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|Myung-Soo Kang, Jun S Y, Gi-Mo Jung, Yoon S J, Kim J W and Kang S H|
|iNtRON Biotechnology, Korea|
|ScientificTracks Abstracts: J Drug Metab Toxicol|
|Statement of the Problem: Emergence and dispersal of multidrug-resistant Staphylococcus aureus (SA) (MRSA) are rapid and wide, necessitating an invention of novel class of MRSA-controlling effective antimicrobial drug that is not likely to induce a resistance. This presentation describes our 15 year-long experience in development of a bacteriophage-derived endolysin as promising new antibiotics. Materials & Method: A bacteriophage SAP-1 specifically infecting SA was isolated from sewage water. Whole genome sequencing revealed typical genomic structure of lytic bacteriophage and identified putative peptidoglycan (PG) hydrolase gene encoding SAL-1 endolysin. The wild type SAL-1 with no extraneous amino acids was highly purified in compliance to a Good Manufacturing Practice (GMP) standard and further formulated to N-Rephasin® SAL200. Findings: SAL200 showed to have unique modes of action: It potently and specifically killed planktonic and encapsulated SA as well as biofilm-producing SA cells, but not for other species. SAL200 exhibited strong bactericidal activity against more than 425 clinical isolates including 1 vancomycin-intermediate SA and 336 methicillin-resistant SA isolates. It directly bound to and lysed SA as quickly as within ten minutes and apparently did not induce an emergence of any resistant SA strains from 30-times repeated exposure at sub-lethal concentrations. Intravenous injection of SAL200 significantly prolonged survival of mice and reduced viable bacterial counts in MRSA infection mouse model. Further safety evaluation studies for rodents, dogs and monkeys showed neither death nor severe adverse events. Any abnormal findings-if any- were tolerable and transient. Conclusion: The SAL200 specifically lysed SA strains including antibiotic-resistant SA strains in vitro and in vivo with excellent in vivo safety.|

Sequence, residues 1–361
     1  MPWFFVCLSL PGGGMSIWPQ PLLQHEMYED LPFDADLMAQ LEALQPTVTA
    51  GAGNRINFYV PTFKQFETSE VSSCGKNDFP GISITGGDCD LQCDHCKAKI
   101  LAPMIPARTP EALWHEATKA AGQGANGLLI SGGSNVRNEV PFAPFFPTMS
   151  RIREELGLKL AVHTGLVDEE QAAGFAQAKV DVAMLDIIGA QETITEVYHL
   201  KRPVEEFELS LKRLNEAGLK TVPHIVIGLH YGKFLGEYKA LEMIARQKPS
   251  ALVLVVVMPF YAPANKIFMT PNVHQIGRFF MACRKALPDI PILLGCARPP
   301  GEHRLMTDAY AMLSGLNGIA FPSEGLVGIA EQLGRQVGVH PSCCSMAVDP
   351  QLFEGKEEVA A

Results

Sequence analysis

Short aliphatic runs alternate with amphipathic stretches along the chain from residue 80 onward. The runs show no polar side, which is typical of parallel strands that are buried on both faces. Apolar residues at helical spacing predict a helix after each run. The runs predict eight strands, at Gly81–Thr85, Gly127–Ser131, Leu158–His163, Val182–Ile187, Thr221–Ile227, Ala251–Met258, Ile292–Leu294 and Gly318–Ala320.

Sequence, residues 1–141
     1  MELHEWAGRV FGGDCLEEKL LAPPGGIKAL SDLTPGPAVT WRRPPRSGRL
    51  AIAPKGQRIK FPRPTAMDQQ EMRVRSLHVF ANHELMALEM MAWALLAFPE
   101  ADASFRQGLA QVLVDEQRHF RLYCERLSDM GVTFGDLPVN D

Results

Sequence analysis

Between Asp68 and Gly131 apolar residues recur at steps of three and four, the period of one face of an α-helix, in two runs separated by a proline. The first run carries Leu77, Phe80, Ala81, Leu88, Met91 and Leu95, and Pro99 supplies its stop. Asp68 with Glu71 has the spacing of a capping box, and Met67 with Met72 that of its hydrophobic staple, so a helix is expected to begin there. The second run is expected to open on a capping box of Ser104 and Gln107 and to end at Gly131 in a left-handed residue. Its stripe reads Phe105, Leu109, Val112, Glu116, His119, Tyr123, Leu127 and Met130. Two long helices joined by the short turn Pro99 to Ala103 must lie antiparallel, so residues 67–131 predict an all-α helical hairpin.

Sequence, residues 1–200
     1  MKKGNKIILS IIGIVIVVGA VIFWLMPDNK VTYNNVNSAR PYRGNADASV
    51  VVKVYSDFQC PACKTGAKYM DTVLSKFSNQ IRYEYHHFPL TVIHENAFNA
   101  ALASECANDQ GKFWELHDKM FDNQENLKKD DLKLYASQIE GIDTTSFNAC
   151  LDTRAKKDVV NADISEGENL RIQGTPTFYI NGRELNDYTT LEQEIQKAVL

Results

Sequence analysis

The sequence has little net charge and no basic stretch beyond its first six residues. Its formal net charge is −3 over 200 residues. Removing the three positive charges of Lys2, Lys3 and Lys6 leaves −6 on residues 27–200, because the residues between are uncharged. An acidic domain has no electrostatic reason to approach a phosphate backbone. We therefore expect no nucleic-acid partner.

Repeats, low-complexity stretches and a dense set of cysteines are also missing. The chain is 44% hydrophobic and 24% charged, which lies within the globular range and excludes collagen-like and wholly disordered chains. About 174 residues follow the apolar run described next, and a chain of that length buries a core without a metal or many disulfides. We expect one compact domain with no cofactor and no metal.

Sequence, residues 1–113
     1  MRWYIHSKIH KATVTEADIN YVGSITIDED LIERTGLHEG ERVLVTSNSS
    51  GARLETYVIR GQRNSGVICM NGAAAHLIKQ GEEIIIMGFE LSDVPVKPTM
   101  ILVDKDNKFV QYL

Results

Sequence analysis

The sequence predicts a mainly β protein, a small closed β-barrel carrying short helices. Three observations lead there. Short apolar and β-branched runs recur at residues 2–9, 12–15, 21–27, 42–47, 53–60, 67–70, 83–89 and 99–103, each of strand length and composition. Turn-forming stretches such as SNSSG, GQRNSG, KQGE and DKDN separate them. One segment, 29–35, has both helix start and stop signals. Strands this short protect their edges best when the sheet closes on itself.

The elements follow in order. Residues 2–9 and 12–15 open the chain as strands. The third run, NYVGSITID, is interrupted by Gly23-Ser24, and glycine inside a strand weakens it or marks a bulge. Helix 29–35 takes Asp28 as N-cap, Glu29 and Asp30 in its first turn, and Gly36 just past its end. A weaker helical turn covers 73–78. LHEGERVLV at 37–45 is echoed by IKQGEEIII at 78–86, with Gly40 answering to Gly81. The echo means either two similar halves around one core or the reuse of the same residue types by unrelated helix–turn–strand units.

Myung-Soo Kang has earned his BS to PhD degrees from Department of Biology at Seoul National University, Korea. After his PhD, he did his Postdoctoral Research Fellowship at Department of Microbiology and Molecular Genetics, Harvard Medical School/Brigham and Women’s Hospital. He then joined as a Professor and Faculty at Samsung Medical Center, Center for Future Medicine. Since 2016, he has been a Chief Scientist and Vice Director of Institute of iNtRON Biotechnology. He is interested in development of bacteriophages and phage –derived bio drugs for effectively controlling bacterial infections.
Email: [email protected]
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